Long-term prospects

When thinking about structural factors, what should be done to improve SMEs’ funding situation? 

Using firm-level data for the 1989-2006 period, Baum et al. (2011) show that an economy’s financial architecture matters for small firms’ access to finance in normal times. Their results suggest that, in normal times, bank-based systems tend to reduce financing constraints of SMEs better than capital market-based systems. Yet, the authors concede that in times of banking system stress, SMEs face greater financing obstacles in bank-based than in market-based systems. Beck et al. (2014) find that banks’ lending techniques matter for credit constraints. Relationship lending reduces financing constraints of SMEs in cyclical downturns but not in booms. Hence, according to this study, a banking system with banks that use soft information alleviates financing constraints of SMEs in bad times.

Bergthaler et al. (2015) stress that policy interventions should focus on supporting viable but distressed SMEs, while exiting nonviable SMEs. They suggest that the resolution of SME problem loans should be facilitated with incentives for restructuring SMEs debt such that the banks’ capacity to extend loans to viable SMEs increases.  Moreover, SME financial reporting and disclosure must be improved in order to increase transparency. In a similar vein, Kay et al. (2014) argue that the financial information on SMEs should be standardized through, for example, centralized credit rating agencies. As an additional means to ameliorate the credit availability for SMEs, the authors suggest boosting the financial market knowledge of small firms and to offer training in the preparation of loan applications.

Another set of studies point out that as young firms are mostly small, small firms are often wrongly perceived as the engine of growth. Yet, empirical results reveal that young firms are most important for employment, investment, and growth (Haltiwanger et al. 2010, Lawless 2013). A recent empirical analysis by Banerjee (2014) reveals that external financing constraints particularly mitigate the profitability of start-ups, so that policy measures should aim at facilitating access to finance especially for young firms. The author argues that improving record keeping of firm credit histories or establishing mini-bond markets for SMEs could be an effective way to spur growth. An example for a recently established alternative funding market is The Alternative Fixed-Income Market (MARF) in Spain. As the requirements to use MARF are more flexible than officially regulated fixed-income markets, MARF allows smaller enterprises that are typically not listed to issue bonds in a cheaper, quicker, and easier way.

Closely related to this argument is the current discussion about the establishment of a Capital Markets Union in Europe. One important goal of the European Commission (EC) in this respect is to promote alternative funding sources for SMEs and start-ups in order to relax the close connection between the banking sector and the economic performance of SMEs (EC 2015). One way to improve access to finance for small and young firms put forward by the EC is to strengthen European venture capital and equity markets, which play a much smaller role in financing of European SMEs compared to the United States. Moreover, according to the EC, a revitalization of the SME securitization market could provide about 20 billion euros of funding. In a similar vein, Kaya (2014) argues that fostering the securitization of SME loans may be an effective way to channel funds to the real economy.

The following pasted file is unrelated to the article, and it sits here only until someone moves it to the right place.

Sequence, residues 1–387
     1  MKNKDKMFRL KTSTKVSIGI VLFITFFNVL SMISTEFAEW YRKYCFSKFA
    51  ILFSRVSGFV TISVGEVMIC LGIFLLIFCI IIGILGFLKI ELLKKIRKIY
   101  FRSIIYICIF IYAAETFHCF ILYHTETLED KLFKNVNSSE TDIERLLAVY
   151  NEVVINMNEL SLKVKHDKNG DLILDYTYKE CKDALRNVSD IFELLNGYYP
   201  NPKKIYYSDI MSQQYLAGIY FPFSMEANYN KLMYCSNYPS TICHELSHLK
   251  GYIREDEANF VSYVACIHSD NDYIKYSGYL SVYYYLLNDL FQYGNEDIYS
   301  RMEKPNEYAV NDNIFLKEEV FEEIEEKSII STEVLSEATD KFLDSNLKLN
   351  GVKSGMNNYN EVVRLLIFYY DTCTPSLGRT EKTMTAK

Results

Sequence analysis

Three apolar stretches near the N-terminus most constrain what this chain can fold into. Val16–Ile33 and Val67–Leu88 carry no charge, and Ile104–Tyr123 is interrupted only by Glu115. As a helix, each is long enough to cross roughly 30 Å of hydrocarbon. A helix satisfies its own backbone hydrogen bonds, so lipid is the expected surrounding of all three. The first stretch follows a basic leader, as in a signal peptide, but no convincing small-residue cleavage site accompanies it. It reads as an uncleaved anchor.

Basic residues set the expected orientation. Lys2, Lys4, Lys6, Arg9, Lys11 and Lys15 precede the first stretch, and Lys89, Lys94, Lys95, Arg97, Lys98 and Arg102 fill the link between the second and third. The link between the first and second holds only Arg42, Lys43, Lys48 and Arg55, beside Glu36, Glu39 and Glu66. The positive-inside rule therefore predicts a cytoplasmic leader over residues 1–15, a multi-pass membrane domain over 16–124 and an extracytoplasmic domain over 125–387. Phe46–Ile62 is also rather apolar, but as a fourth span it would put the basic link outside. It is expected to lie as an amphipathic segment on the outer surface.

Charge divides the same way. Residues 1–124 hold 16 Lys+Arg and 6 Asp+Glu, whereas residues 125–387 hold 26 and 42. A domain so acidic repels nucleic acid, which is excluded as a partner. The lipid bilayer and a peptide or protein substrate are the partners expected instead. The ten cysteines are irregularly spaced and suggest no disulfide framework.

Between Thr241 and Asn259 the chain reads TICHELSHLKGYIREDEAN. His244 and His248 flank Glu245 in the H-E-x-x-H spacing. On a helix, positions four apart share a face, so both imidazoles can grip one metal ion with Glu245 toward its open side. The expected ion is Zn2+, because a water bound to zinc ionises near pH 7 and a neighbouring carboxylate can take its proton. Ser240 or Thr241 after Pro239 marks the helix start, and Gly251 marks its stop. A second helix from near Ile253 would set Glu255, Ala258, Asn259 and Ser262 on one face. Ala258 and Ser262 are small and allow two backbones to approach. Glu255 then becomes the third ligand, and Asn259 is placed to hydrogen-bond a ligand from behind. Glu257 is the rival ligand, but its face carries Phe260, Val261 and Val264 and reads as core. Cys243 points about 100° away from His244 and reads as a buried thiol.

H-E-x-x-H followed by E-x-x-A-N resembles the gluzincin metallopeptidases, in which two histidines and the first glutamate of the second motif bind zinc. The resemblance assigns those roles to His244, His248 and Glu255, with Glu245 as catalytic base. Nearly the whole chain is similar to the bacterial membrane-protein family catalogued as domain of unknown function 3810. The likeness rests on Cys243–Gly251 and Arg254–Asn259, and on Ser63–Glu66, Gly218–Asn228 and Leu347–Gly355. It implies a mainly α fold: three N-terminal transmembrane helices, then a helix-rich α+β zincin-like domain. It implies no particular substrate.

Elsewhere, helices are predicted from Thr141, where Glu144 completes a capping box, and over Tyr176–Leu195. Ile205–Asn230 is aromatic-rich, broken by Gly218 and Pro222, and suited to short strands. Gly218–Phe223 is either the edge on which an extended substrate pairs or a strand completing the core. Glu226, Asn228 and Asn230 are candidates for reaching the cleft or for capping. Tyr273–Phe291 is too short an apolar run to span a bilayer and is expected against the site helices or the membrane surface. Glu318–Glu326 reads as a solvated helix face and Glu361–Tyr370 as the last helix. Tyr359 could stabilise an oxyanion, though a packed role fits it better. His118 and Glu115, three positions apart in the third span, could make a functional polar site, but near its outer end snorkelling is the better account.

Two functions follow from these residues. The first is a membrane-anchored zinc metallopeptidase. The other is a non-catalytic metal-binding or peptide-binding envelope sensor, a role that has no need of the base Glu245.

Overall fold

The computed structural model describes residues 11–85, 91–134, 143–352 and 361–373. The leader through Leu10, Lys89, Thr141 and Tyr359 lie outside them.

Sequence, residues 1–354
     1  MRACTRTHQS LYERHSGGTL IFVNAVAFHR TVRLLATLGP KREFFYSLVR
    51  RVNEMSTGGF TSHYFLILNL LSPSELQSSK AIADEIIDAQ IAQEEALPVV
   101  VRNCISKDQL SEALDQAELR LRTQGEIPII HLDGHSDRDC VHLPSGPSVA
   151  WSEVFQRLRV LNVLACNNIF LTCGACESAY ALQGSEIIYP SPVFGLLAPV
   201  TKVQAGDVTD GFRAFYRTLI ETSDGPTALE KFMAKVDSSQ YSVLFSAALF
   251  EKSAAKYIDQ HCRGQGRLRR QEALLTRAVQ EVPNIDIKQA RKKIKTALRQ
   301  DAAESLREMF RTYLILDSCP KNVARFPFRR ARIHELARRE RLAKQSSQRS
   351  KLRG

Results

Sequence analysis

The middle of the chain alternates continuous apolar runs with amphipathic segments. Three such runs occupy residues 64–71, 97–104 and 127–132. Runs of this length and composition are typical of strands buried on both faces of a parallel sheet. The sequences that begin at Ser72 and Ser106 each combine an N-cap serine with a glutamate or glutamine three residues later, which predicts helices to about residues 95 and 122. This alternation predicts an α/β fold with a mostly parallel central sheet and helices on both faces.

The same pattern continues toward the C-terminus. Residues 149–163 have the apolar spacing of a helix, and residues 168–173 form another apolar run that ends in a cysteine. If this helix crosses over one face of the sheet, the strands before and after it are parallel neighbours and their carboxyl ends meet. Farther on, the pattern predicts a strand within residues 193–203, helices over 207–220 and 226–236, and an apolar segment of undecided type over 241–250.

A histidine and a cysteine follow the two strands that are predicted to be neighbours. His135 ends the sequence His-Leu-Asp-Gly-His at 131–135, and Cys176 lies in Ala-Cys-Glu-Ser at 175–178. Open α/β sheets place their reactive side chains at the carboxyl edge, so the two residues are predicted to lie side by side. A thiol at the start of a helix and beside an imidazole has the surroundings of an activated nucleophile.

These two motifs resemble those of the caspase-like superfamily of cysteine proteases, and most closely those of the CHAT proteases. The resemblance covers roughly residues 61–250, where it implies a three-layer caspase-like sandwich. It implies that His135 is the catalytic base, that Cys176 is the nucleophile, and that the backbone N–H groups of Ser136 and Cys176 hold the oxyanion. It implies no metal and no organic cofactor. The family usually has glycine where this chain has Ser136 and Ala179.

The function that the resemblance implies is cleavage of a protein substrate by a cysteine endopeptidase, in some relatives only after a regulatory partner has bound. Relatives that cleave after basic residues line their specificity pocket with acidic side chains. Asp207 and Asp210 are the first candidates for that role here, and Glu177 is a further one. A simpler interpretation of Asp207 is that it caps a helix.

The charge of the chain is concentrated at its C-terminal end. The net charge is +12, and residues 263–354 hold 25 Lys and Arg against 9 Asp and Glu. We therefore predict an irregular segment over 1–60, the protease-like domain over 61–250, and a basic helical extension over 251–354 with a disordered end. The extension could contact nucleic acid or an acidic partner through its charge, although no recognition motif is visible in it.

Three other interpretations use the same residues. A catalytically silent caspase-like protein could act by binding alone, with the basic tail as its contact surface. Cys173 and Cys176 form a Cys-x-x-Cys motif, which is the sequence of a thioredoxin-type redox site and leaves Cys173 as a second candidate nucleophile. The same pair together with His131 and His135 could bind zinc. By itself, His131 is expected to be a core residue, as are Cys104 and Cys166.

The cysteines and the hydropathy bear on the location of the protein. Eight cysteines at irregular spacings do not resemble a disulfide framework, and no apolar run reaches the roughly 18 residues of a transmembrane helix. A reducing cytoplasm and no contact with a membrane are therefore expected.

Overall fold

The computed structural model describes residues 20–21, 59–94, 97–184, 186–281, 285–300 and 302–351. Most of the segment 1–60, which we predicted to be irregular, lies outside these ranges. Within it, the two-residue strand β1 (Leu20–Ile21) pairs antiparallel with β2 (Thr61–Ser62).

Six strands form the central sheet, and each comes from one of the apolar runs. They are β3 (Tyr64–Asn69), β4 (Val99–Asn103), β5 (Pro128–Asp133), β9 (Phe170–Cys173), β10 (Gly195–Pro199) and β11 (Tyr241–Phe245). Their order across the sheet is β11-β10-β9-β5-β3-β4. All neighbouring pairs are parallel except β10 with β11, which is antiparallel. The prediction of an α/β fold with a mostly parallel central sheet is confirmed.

Conclusion

Given that it is difficult to clearly separate credit supply from credit demand factors, there is so far no consensus to what extent the observed financing constraints of European SMEs are driven by credit rationing or fundamentals. Still, due to the important role that young and small firms play for innovation and employment, many observers are in favor of policy initiatives that improve the access to finance of SMEs. Yet, in order to know which measures are most effective in this respect, further research is needed.


References

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Banerjee, R. (2014): “SMEs, financial constraints and growth,” BIS Working Papers No 475, December.
http://papers.ssrn.com/sol3/papers.cfm?abstract_id=2542219

Baum, C.F.,  Schäfer, D. and O. Talavera, “The impact of the financial system’s structure on firm’s financial constraints,” Journal of International Money and Finance, 2011, 30 (4), 678–691.
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Beck, T., Degryse, H., De Haas, R. and N. van Horen (2014): “When Arm's Length is Too Far. Relationship Banking Over the Business Cycle,”. BOFIT Discussion Paper No. 14/2014.
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European Commission (2015): “Building a Capital Markets Union”, Green Paper, Brussels, February 18.
http://eur-lex.europa.eu/legal-content/EN/TXT/?uri=CELEX:52015DC0063

Economist, The (2014): “Financing Europe’s small firms. Don’t bank on the banks”, August 16th, 2014, Retrieved from http://www.economist.com/news/finance-and-economics/21612251-small-businesses-seek-alternatives-banks-leave-them-lurch-dont-bank

ECB (2014): “Survey on the Access to Finance of Enterprises in the Euro Area,” April 2014-September 2014, November, Chart 23. https://www.ecb.europa.eu/stats/money/surveys/sme/html/index.en.html

EIB (2011) "Support to SMEs 2008-2010", July 2011. Retrieved Mai 8, 2015 from
http://eib.europa.eu/attachments/documents/sme-activities.pdf

Fazzari, S. and B. Petersen (1993): “Working capital and fixed investment: New evidence on financing constraints,” RAND Journal of Economics, 24(3):328-342.
http://www.jstor.org/stable/2555961?seq=1#page_scan_tab_contents

Ferrando, A. and N. Griesshaber (2011): “Financing obstacles among euro area firms: Who suffers the most?,”European Central Bank WP No. 1293, February.
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Ferrando, A. and K. Mulier (2015): “Firms’ financing constraints: Do perceptions match the actual situation?,” The Economic and Social Review, Vol. 46 (1).
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Gelos, G. and A. Werner (2002): “Financial Liberalization, Credit Constraints, and Collateral: Investment in the Mexican Manufacturing Sector,” Journal of Development Economics 67, 1–27.
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Iyer, R., Peydro, J.-L., da-Rocha-Lopes, S. and A. Schoar (2014): “Interbank Liquidity Crunch and the Firm Credit Crunch: Evidence from the 2007-2009 Crisis,” Review of Financial Studies 27 (1).
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Kaplan, S. N.  and L. Zingales (2000): “Investment-cash flow sensitivities are not valid measures of financing constraints,” Quarterly Journal of Economics, 115 (2).
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Kay, N., Murphy, G., O'Toole, C., Siedschlag,I. and B. O'Connell (2014): “Do all firms have equal access to external financing?”  Article on voxeu.org, June 29 2014,